blank verse (Perrine 209; Oliver 60).
Although a seemingly random selection, this list is, as Oliver points out,
is "rich and provocative." Let us adopt these categories of sound preliminarily,
and we will try some experiments in class.
VOWELS -- A, E I, O U, AND sometimes W AND Y
CONSONANTS --> SEMIVOWELS AND MUTES
SEMIVOWELS --> ASPIRATES AND LIQUIDS
ASPIRATES: C, F, G, H, J, S, X
MUTES -->B, D, K, P, Q, T, C (hard), G (hard),
Note how Oliver illustrates the relationship between the felt quality of a sound
and the connotations of the words (p. 23). Pay attention to the way that sound
conveys meaning. What other examples can you think of?
Examine Oliver's examples of alliteration and assonance. How would you
explain her term "sibling sounds" (p. 32)?
Note the role of line length as well as rhythm p. 39. How does each contribute to the
meaning of a poem?
"Rhythm underlies everything" (p. 43).
How does the poet establish a rhythm? Why is constancy important? What
is the relationship between constancy and variation?
Note the "natural" sounds of iambs in your speech -- Also be aware of the variations.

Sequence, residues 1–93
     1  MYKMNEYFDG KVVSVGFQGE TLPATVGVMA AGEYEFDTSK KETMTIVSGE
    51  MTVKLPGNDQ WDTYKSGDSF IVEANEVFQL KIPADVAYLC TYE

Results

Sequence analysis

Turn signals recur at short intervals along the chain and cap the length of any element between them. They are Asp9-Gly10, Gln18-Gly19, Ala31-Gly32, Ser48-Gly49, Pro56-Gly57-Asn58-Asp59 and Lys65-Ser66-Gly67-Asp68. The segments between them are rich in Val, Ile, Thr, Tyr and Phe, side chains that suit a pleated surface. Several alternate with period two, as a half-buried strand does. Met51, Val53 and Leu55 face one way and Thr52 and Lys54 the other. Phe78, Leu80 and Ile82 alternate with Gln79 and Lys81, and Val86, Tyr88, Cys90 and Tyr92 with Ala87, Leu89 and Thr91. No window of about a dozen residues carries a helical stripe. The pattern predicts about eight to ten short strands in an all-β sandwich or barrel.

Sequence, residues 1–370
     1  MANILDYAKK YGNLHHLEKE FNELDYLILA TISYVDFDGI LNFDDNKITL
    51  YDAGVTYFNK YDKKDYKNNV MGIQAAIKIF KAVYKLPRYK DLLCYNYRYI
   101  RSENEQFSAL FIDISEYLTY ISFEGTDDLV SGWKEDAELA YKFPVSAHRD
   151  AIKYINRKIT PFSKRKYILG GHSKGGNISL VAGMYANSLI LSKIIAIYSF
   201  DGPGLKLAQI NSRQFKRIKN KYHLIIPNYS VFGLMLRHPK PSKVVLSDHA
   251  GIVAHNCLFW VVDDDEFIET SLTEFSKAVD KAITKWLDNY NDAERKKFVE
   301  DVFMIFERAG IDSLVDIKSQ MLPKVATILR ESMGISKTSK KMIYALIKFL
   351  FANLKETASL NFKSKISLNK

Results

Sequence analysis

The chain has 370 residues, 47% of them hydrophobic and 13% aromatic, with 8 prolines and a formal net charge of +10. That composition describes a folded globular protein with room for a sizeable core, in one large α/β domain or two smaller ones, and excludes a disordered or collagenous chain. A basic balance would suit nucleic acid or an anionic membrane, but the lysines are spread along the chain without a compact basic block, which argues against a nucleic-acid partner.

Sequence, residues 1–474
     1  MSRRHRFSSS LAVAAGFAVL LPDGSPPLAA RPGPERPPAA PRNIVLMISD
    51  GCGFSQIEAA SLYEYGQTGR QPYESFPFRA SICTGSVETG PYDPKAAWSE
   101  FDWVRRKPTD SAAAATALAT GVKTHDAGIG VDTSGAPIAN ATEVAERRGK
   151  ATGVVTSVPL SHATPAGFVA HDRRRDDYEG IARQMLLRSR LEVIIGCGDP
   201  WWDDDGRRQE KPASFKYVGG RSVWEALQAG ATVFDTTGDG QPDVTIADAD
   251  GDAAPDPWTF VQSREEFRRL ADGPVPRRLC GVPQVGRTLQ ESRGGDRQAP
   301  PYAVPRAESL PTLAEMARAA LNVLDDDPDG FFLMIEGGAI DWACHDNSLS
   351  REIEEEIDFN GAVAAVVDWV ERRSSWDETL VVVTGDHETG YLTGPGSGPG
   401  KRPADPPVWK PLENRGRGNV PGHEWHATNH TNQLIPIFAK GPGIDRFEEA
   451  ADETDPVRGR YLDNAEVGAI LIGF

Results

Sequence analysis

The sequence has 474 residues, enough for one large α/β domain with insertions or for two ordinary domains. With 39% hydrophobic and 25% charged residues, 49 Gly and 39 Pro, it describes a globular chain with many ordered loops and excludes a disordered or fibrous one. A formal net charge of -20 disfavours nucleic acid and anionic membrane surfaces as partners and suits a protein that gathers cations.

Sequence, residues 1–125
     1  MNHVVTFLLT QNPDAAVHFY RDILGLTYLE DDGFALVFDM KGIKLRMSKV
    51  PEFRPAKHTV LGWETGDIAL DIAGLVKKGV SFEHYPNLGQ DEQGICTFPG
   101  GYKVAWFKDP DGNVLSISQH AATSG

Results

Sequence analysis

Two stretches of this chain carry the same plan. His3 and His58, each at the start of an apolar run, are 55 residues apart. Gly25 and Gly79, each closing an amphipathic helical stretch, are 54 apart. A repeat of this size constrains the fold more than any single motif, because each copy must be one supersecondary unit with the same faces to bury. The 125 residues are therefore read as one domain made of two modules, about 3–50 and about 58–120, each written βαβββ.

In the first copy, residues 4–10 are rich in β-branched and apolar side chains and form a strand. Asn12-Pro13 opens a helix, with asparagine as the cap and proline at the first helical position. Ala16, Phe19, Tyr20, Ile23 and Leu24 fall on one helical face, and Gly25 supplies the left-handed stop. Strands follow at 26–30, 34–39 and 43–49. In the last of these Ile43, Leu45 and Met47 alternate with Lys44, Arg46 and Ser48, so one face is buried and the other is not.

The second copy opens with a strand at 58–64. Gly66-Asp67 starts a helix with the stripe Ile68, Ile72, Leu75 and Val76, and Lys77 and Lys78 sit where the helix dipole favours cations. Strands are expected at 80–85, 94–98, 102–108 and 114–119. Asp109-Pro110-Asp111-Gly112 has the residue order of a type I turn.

Note the placement of the caesura in lines of poetry. How do they move from line to line?
What is the effect?
Pay attention to the way a poet begins his or her lines. How does he or she end them?
What variations can you find? Does he or she use enjambment? When? How?
Consider Oliver's quotation: "Feminine endings tend to blur the end rhyme.
So does slant rhyme. Masculine and true rhyme endings are forthright.
And masculine true rhymes with words ending in mute sounds are the most emphatic rhymes of all"
Perrine offers us more technical and more carefully broken down discussion of the devices of sound
in poetry. This is true particularly of his discussion of scansion in chapter 12. Take time with
the exercise, and bring your questions and observations to class for discussion.
Perrine is also quite good at describing a poetic device's purpose. The purpose of repetition, for
example, is for pleasure and for creating structure in the poem by creating relationships between
the repeated elements -- in this case, sound elements (181). Find examples of relationships
between repeated elements of sound.
Keep in mind the analogy between a building and the architect's blueprint for the building; this
is roughly like the actual poem and the ideal metrics of the pattern (198).
In the exercise on scansion (pp. 200-209), an important principle related to that of repetition above
emerges: that is, variation in sound or patterns ALSO create meaning or structure to a poem. These
variations signal change or significance in meaning as well. Look for examples like the
trochee with which the fourth stanza opens (205).